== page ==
Desktop Systems Guide

HP TouchSmart 600 review

HP TouchSmart 600: The Messenger Returns

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A Show of Fingers

A Show of Fingers

The main draw of HP's TouchSmart series has always been the ability to interact with the machines via your fingers, and to enable this, HP has created a software suite just for this purpose. Dubbed non-surprisingly as the TouchSmart Software Suite, the software provides a finger friendly GUI that accepts up to two multi-touch inputs. Based on our experience from the previous version, we found that there has been an improvement with how your fingers interact with the GUI.

Firstly, it feels slightly more responsive, though now you can't really enlarge or shrink the widget panels like you can do with the previous version. Instead, everything is now a fixed size and width. The reason is simple, of course: you can now interact directly with the content from the panels instead of tapping on the icon and entering the application. For example, previously, to view videos, you would have to tap on the video icon, which would have brought you into the video player. Now, you can just play the video straight from the panel, making it easy to use the software.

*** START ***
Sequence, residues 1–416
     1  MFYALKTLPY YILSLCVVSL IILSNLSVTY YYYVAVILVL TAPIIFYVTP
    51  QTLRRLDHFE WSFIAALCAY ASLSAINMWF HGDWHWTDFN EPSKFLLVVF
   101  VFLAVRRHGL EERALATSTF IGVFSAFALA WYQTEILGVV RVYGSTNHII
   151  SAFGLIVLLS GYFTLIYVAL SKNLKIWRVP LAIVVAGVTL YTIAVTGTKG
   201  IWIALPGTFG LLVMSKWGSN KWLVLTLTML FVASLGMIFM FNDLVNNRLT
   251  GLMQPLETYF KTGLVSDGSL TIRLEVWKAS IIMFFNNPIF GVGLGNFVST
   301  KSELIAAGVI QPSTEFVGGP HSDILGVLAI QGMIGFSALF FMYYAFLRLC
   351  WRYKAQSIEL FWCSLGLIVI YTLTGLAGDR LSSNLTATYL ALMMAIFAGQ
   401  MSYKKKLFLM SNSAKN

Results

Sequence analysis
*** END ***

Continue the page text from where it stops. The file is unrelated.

While the improvements were great, there was still the annoying lag that we encountered when swiping through the panels. Furthermore, thanks to said lag, you might find yourself accidentally opening a panel while trying to swipe your way through them. While it's not a deal breaker, we feel that there's more improvements to be made for a smoother experience and we're sure HP will come through with an even better interface soon enough.

One last thing before we end this section - unlike the US versions of the TouchSmart 600, local and regional versions are missing the Hulu, Netflix and Twitter panels which would have made the HP a multimedia powerhouse. This is of course, due to the services being only available in the US (well, just Hulu and Netflix) and won't be available outside of the US anyway. Strange about the Twitter panel though - we thought that it would have made it worldwide with no issues.